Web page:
After watching the season premiere of the Game of Thrones (GOT) final season a few weeks ago, I flew to Atlanta for EMPOWER 2019 which is VMware’s event for partners. It kicked off with a happy hour and demo station presentations. I supported the Edge and IoT demo station where we did some fun Raspberry Pi demos and had some cool giveaways.
One fun theme we had was that IoT is Coming and if you use Pulse IoT Center, “you’ll know things”. GOT fans will get the reference, if not, search “I drink and I know things” in your favorite browser. VMware Pulse IoT Center is a tool for managing your IoT and Edge environment. See this post for more detail on how Pulse compares to vCenter and WorkspaceOne.
I was really impressed with the number of partners who had a good understanding of Edge Computing and IoT and were already working with customers on their overall strategy. In one case, a partner was planning for State and Local schools to implement IoT device management for video surveillance cameras and gunshot detection sensors. In another case, they were looking to bring operational efficiency to their customers’ manufacturing floors that were being refreshed with new ruggedized gateways and wireless sensors.
VMware Pulse IoT Center and Raspberry Pi Demo
Many of the partners were excited to see the Raspberry Pi demo which went like this.
At the booth we had a monitor with a browser and one AstroPi:
This is a Raspberry Pi 3B+ with an add-on Sense HAT that monitors temperature, humidity, barometric pressure, yaw, pitch, roll, and has a joystick and LED display.
This is a screenshot of our recently released VMware Pulse IoT Center 2.0 dashboard. We logged into the Pulse IoT Center dashboard which is based on the standard VMware Clarity HTML5 user interface. The look and feel and navigation should be familiar to administrators of other VMware products.
Then we clicked on “Devices” to show list of Devices under management:
Notice that this lists “Gateway” Device Types and “Thing” Device Types and that the Raspberry Pi is a Gateway and the Sense HAT is a Thing. The difference is that a Gateway can run our Pulse IoT Center Agent (IOTC Agent) and a Thing cannot. However, a Thing can be managed via the IOTC Agent running on the Gateway it’s attached to. In this case, the Sense HAT Thing is physically attached to the Raspberry Pi Gateway. In other cases, Things may connect via Bluetooth, Zigbee, Modbus, or some other IoT protocol that both the Thing and Gateway can support.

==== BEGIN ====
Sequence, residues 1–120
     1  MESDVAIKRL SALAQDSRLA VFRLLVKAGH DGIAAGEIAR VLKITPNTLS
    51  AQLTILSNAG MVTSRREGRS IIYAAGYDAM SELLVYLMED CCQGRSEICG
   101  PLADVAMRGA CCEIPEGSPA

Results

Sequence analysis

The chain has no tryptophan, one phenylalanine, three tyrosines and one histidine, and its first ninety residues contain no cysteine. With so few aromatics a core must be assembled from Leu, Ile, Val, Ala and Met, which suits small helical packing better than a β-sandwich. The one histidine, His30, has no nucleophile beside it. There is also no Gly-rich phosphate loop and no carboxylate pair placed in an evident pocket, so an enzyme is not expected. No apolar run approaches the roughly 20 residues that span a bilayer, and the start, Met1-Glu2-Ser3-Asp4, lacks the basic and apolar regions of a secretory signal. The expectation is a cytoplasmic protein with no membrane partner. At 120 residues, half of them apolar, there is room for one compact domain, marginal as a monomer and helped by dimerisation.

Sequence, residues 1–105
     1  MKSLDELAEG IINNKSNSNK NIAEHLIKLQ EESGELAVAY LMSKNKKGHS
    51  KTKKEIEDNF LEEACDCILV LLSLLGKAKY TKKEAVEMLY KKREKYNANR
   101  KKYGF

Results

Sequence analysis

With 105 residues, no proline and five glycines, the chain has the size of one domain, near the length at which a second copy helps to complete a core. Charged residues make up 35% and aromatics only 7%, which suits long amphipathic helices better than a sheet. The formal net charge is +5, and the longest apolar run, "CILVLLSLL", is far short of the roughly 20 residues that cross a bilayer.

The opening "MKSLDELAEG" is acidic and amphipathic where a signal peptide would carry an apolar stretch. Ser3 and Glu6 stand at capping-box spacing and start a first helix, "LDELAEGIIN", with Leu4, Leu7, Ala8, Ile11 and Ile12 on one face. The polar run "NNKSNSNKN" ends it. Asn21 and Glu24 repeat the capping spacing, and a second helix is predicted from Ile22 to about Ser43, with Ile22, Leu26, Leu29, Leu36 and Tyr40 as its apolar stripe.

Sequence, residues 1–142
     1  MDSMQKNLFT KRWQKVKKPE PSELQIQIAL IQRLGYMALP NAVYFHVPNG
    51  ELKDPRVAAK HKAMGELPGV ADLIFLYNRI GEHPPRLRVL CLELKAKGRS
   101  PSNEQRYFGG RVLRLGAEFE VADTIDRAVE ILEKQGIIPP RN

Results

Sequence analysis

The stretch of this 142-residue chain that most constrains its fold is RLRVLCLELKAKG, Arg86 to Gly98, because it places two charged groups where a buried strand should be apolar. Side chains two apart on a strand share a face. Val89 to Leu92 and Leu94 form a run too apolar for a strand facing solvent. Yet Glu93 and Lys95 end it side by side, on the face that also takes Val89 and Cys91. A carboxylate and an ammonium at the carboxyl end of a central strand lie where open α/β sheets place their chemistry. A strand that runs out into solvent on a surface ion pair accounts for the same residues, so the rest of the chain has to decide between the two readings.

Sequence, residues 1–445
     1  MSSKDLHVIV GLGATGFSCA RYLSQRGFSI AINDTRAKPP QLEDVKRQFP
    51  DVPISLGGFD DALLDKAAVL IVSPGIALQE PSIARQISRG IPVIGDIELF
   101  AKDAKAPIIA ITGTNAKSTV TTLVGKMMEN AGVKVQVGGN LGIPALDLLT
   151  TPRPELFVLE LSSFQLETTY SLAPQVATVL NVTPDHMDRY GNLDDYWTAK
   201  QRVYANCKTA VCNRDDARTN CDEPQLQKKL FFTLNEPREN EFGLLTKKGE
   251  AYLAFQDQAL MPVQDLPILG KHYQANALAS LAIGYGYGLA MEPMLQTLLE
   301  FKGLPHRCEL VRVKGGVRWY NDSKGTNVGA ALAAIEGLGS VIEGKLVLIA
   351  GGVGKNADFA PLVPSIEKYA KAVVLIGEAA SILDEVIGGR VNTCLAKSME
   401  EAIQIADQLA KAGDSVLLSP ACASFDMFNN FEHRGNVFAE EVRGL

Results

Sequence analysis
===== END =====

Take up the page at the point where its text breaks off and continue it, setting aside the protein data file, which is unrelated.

Clicking on the Raspberry Pi Gateway gives you this basic information:
Clicking on “Properties” gives you more detailed information:
This is a good way to find the IP Address of the device, uptime, os-release, status of SSH, or any custom information specific to that device like the location of the physical Gateway.
Clicking on “Metrics” shows CPU, Memory, etc. about the Raspberry Pi Gateway.
Clicking on “Connected Devices” shows the Things connected to the Gateway.
In this case, there’s only one Thing, the Sense HAT. Some gateways could have many Things connected physically or wirelessly. If you click on the “Sense HAT” Thing and then “Metrics” you can see what the Raspberry PI has been collecting from the Sense HAT.
OK, now for the fun part. If you go back to the Raspberry Pi Device view and click on the three little dots on the right, you can click on “Commands” to get to the command console.
Once in the Command Console you can click on “SEND COMMAND” to get this list of predefined commands as well as some commands we added:
For the demo, we want to turn on the Sense HAT LED display so we select “SenseHatDisplay On” and then click “SEND COMMAND”.
The Pulse IoT Center Agent running on the Gateway will check in with Pulse IoT Center every five minutes by default. For the purposes of the demo, we shortened this to 5 seconds. When it checks in, it will inquire if there is a command or campaign to run. In this case, it’ll see that there is a command to run and it will execute that command which will turn on the LED display.
If the device is in a remote location, the status of the command can be monitored:
This is an example of sending a command to a single device. Pulse IoT Center is capable of running Campaigns which will perform commands on multiple devices. We can address that topic in another post. This is just one of the many examples of how VMware Pulse IoT Center can be used to manage IoT devices.